Budget- Indirect tax proposals

From indirect taxation point of view, the first and foremost expectation from the trade and the common man were - one road map for Goods and Service tax and two proposals to align the existing indirect taxes to the impending GST.

By Sriram Balakrishnan  
Wednesday, March 2, 2016

From indirect taxation point of view, the first and foremost expectation from the trade and the common man were - one road map for Goods and Service tax and two proposals to align the existing indirect taxes to the impending GST.

A quick peek into the indirect tax announcements show GST is conspicuous by its absence in the overall budget announcements. May be since the Constitution Amendment Bill is still pending in Rajya Sabha for its clearance, the FM chose not to dwell into this uncertain but most sought after tax reforms.

Fortunately, the services sector was spared from the much expected Service tax rate hike to a rate closer to the GST rate (say 16 per cent). However, a Krishi Kalyan Cess (KKC) @ 0.5 per cent on all or any taxable service will apply from June 1, 2016. KKC will be creditable and can be used to pay KKC. There is also proposal to introduce a new non creditable infrastructure cess ranging between 1 per cent to 4 per cent on luxury cars and SUVs. New cesses at a time when the expectation was to consolidate taxes into one tax is not understandable.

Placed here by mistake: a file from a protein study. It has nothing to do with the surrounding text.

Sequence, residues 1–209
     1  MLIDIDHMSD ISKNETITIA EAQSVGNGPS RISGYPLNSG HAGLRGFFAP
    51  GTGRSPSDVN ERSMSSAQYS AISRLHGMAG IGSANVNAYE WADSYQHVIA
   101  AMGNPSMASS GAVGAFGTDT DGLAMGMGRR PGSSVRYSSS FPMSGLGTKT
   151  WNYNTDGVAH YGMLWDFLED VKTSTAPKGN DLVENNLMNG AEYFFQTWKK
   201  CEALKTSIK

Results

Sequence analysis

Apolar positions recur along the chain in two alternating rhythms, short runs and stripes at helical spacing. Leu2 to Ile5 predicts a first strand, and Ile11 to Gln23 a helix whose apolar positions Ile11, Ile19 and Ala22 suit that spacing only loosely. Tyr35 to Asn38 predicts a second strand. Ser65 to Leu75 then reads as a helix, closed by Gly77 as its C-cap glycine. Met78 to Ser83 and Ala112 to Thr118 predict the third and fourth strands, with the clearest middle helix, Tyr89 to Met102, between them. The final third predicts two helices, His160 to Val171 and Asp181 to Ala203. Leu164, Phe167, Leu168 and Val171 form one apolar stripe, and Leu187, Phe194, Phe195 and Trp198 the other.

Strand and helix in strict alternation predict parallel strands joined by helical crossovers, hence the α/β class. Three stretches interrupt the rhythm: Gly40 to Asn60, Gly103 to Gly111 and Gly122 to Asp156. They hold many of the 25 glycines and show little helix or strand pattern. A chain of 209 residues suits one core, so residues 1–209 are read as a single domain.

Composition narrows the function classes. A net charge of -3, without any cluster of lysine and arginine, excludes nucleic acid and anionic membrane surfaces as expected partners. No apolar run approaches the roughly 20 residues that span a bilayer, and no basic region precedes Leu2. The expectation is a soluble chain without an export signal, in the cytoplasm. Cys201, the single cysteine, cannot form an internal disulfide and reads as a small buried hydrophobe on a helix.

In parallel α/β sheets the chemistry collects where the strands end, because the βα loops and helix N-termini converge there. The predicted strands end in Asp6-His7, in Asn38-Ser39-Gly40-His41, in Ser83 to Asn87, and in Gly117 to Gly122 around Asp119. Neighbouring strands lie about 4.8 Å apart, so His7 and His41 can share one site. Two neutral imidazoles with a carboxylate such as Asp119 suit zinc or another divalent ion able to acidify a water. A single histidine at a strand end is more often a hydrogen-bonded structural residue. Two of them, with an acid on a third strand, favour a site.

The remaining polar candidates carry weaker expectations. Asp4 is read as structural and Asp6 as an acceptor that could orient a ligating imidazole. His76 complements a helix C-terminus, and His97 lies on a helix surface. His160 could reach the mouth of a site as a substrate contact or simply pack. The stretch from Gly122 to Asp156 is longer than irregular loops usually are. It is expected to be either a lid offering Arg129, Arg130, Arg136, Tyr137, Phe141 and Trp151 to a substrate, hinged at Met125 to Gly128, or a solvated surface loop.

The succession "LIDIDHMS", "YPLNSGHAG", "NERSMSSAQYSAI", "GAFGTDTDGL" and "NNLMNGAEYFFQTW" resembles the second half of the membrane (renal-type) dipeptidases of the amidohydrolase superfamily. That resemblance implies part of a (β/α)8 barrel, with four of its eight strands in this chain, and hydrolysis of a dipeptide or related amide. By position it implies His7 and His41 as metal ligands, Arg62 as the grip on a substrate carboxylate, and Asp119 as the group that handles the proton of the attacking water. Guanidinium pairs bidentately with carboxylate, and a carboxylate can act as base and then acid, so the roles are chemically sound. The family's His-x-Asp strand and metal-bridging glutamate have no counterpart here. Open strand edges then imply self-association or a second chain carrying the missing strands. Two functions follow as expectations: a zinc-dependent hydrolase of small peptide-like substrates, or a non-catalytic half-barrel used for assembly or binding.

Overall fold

There were also proposals to rationalise service tax exemption. Notably, service tax will be exempt for construction of affordable houses upto 60 square meters. Services rendered to monorail and metro rail as well as services rendered by a senior advocate to an advocate will no longer be exempt.

From Cenvat credit point of view there seems to have been quite a number of rationalisation measures proposed. Clarity have been brought for determining the reversal of cenvat in respect of input/input service used commonly for providing exempted and taxable output service or exempted and taxable outputs.

There have been some positive amendments in cenvat credit rules allowing the brand owners to pass on the input service tax credits to job workers and contract manufacturers. This has been a long pending demand of the industry generally and especially the FMCG industry. This will help a seamless credit flow. On these lines, even a common warehouse is permitted to receive common inputs and transfer the inputs and credits to several manufacturing units of the tax payer.  There are number of changes in customs and excise duty rates on certain inputs to reduce costs and improve competitiveness of domestic industry in various sectors like IT hardware, capital goods, textiles, paper, etc. Going with the theme of sparing the lower segment of society, branded garments and jewellery will pay more excise duty.

High amount pending litigation seems to have caught up the attention of the FM. A new Indirect tax Dispute Resolution Scheme 2016 is introduced to cover the pending disputes at the level of Commissioner (Appeals). This scheme will provide option to the tax payers to pay off the disputed tax alongwith interest and 25 per cent of the penalty. Such taxpayers will be provided immunity from prosecution. Who will take this option is a moot question.

Time frame to issue Show Cause notices have been increased across the board, namely, from 1 to 2 years in the Customs and Central Excise and from 18 to 30 months in the case of Service tax. Not a very welcome move from taxpayer's point of view.

In conclusion, while there were some welcome initiatives in Cenvat credit rules, introduction new categories of Cesses do not resonate well with the objective of ever pending GST agenda.

Sriram Balakrishnan is Partner, Tax and Regulatory Services, Ernst & Young LLP

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